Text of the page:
The Importance of a Sketchbook

Let’s call this your “Key to Success” for learning to draw. A sketchbook. It’s ready for your marks and your ideas. Ready for that fully fledged, fully completed drawing that you have been dying to put down on paper. You are ready to make a perfect drawing for every page.

Plain sketchbook

Let’s now move away from the notion that everything you are going to put in this sketchbook is going to be perfect in every way and you are still going to be in love with these sketches in the next 3-5 years.

Instead, I want you to view sketchbooks as a tool for learning, Because that is what this is, a tool. Nothing you put in this sketchbook matters in the long run except that you are actually drawing and developing your skill. Sketchbooks are for sketches and ideas. A place where you can get marks down quickly and not care about a final finished product. Very little you put in this book should be tight and finished. View this book as a stepping stone for your ideas. Keep everything loose (not tight and detailed), get your ideas out quickly, and turn the page.

This is the way I have come to look at sketchbooks. To me they are bound folio’s of developmental drawings that can be discarded at any time or that can then be moved to Photoshop or a bigger sheet of better paper to be developed into a more complete drawing.

So I encourage you, Use a¬†sketchbook to it’s full potential. Sketchbooks are as cheap as buying copy paper and having it bound at an office supply store or getting more fancy and purchasing moleskin. No matter the size, texture, or price, a sketchbook is meant to be filled with both loose and a limited amount of tighter drawings. A sketchbook is not meant to be a procrastination tool that you only use to sketch perfect drawings.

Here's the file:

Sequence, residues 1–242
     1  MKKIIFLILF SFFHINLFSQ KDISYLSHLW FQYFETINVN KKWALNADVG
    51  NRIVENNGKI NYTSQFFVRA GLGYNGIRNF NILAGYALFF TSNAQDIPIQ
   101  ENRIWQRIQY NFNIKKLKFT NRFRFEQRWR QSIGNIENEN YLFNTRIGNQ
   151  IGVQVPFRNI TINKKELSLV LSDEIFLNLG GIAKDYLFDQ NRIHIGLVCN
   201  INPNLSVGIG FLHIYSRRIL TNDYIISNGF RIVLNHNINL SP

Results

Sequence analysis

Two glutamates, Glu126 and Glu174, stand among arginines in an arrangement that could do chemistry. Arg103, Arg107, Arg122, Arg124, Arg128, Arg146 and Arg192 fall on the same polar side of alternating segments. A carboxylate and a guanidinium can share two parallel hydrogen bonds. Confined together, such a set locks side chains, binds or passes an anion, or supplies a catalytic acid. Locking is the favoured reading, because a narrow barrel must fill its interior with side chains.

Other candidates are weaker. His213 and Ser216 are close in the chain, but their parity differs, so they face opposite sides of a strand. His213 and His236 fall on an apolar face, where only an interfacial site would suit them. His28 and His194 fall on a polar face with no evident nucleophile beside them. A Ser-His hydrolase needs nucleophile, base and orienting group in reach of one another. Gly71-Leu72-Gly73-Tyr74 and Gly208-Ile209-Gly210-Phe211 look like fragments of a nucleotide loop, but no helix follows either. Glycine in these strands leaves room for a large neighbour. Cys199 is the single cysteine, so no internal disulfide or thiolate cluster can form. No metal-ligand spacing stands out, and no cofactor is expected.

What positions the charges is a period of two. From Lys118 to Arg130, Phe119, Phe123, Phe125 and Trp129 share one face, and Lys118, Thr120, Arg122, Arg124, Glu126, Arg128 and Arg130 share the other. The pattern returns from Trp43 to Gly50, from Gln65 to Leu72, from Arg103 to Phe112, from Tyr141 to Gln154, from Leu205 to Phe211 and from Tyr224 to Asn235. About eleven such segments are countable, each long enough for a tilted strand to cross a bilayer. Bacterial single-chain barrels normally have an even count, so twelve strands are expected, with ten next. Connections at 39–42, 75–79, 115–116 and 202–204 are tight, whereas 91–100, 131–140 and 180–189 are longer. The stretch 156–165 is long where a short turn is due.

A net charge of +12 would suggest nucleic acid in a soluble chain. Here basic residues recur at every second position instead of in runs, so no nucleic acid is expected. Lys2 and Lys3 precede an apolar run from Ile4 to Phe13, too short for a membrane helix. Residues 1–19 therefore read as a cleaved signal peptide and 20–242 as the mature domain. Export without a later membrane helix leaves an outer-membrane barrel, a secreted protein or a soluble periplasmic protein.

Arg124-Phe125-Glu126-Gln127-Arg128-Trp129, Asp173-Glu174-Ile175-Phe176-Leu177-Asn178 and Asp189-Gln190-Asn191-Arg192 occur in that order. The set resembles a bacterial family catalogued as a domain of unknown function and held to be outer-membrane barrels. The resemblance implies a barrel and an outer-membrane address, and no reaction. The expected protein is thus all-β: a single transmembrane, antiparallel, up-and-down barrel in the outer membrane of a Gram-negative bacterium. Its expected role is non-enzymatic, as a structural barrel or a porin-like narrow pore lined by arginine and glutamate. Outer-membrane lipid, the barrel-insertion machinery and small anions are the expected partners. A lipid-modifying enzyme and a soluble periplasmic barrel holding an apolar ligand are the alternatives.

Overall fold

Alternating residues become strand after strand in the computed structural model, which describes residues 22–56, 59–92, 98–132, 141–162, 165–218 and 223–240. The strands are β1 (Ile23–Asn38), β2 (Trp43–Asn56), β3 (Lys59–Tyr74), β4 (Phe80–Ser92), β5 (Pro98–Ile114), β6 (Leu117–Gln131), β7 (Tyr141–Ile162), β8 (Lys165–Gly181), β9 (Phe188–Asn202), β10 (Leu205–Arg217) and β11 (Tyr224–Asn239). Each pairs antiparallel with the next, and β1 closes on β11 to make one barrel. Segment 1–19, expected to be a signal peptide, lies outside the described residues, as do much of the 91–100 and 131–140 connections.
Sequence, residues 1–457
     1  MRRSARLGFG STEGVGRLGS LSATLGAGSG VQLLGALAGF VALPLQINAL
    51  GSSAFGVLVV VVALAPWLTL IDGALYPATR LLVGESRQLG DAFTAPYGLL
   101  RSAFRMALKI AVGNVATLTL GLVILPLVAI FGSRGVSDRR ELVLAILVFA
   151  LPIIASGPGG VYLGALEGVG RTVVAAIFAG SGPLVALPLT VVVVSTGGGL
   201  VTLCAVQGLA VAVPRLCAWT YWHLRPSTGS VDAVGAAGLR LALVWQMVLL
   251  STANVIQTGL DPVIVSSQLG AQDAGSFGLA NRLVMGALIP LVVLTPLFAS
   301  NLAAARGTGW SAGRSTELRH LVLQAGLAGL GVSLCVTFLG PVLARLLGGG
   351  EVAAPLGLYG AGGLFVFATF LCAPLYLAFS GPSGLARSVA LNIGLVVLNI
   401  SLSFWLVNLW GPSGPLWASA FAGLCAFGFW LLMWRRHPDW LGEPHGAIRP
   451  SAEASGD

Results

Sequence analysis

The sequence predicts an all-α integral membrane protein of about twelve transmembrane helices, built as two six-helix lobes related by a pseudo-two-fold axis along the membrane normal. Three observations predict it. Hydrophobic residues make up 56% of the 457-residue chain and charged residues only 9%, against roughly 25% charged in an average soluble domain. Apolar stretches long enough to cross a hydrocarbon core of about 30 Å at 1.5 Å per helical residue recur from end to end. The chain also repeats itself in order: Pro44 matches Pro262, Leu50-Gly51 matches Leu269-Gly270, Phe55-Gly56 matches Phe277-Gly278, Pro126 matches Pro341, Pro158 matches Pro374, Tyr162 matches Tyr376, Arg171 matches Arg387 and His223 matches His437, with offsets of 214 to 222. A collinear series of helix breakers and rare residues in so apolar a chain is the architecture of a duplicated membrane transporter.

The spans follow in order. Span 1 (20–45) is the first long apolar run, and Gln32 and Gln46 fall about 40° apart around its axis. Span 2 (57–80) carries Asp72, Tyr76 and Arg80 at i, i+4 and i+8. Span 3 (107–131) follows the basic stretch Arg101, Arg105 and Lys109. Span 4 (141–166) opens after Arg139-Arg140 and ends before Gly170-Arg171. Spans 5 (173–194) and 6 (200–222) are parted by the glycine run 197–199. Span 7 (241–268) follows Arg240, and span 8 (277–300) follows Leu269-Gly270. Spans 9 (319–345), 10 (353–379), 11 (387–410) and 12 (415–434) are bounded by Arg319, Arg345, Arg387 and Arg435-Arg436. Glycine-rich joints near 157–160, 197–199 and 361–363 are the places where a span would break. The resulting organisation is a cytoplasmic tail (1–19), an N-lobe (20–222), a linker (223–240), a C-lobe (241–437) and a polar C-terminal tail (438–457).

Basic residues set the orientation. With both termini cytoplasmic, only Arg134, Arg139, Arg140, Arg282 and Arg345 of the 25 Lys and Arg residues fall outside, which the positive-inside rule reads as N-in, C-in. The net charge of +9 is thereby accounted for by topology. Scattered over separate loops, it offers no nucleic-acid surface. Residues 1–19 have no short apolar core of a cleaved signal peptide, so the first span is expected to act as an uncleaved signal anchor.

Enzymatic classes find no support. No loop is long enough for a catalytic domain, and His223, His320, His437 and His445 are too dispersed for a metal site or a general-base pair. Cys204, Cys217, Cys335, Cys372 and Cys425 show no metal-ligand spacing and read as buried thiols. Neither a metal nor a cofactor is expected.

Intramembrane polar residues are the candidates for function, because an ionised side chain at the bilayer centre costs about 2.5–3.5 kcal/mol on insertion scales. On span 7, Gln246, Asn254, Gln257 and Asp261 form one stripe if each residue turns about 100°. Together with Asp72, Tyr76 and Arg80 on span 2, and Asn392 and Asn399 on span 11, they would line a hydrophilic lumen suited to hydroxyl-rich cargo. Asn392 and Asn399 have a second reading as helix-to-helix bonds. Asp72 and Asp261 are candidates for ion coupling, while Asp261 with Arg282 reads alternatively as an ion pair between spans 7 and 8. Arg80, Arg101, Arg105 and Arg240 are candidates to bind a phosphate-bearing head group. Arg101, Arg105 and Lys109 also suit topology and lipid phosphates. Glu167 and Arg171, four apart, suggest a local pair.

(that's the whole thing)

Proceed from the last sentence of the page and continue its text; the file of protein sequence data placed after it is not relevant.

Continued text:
Use a sketchbook to study and grow. Use reference or go outside and draw objects and people, it doesn’t have to be perfect and should be. Draw a little, draw a lot, but the point is, you are not worried about what is filling your sketchbook because instead you are filling your sketchbook and growing in the process.

Once you have finished several sketchbooks, take your best drawings out of each and scan them into your computer. Have the drawings reprinted and bound. Or have the originals bound as is. This will allow you to have that “perfect sketches” sketchbook.

Live, Draw, Paint. Fill up that sketchbook, you owe it to yourself.




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